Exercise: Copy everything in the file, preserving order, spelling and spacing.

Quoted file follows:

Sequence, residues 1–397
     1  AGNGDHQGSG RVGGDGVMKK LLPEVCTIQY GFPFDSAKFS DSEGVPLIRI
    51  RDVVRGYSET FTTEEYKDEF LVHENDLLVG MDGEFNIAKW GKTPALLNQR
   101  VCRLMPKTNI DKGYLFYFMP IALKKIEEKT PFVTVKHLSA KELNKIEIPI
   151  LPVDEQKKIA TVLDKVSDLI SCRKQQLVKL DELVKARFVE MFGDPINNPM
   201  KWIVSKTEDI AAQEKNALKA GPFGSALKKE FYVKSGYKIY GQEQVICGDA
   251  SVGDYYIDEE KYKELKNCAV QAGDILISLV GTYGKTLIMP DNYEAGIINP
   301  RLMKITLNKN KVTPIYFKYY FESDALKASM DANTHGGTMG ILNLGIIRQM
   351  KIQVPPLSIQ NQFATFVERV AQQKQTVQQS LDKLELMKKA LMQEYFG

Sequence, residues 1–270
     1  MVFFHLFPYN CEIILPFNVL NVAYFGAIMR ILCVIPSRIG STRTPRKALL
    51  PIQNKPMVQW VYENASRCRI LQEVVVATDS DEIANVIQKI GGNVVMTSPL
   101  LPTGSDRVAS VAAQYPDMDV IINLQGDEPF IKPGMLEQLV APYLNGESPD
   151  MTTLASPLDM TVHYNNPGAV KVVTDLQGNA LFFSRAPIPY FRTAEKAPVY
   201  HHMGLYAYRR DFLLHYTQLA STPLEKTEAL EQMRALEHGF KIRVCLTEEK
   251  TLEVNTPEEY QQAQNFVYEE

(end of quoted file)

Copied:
Sequence, residues 1–397
     1  AGNGDHQGSG RVGGDGVMKK LLPEVCTIQY GFPFDSAKFS DSEGVPLIRI
    51  RDVVRGYSET FTTEEYKDEF LVHENDLLVG MDGEFNIAKW GKTPALLNQR
   101  VCRLMPKTNI DKGYLFYFMP IALKKIEEKT PFVTVKHLSA KELNKIEIPI
   151  LPVDEQKKIA TVLDKVSDLI SCRKQQLVKL DELVKARFVE MFGDPINNPM
   201  KWIVSKTEDI AAQEKNALKA GPFGSALKKE FYVKSGYKIY GQEQVICGDA
   251  SVGDYYIDEE KYKELKNCAV QAGDILISLV GTYGKTLIMP DNYEAGIINP
   301  RLMKITLNKN KVTPIYFKYY FESDALKASM DANTHGGTMG ILNLGIIRQM
   351  KIQVPPLSIQ NQFATFVERV AQQKQTVQQS LDKLELMKKA LMQEYFG

Sequence, residues 1–270
     1  MVFFHLFPYN CEIILPFNVL NVAYFGAIMR ILCVIPSRIG STRTPRKALL
    51  PIQNKPMVQW VYENASRCRI LQEVVVATDS DEIANVIQKI GGNVVMTSPL
   101  LPTGSDRVAS VAAQYPDMDV IINLQGDEPF IKPGMLEQLV APYLNGESPD
   151  MTTLASPLDM TVHYNNPGAV KVVTDLQGNA LFFSRAPIPY FRTAEKAPVY
   201  HHMGLYAYRR DFLLHYTQLA STPLEKTEAL EQMRALEHGF KIRVCLTEEK
   251  TLEVNTPEEY QQAQNFVYEE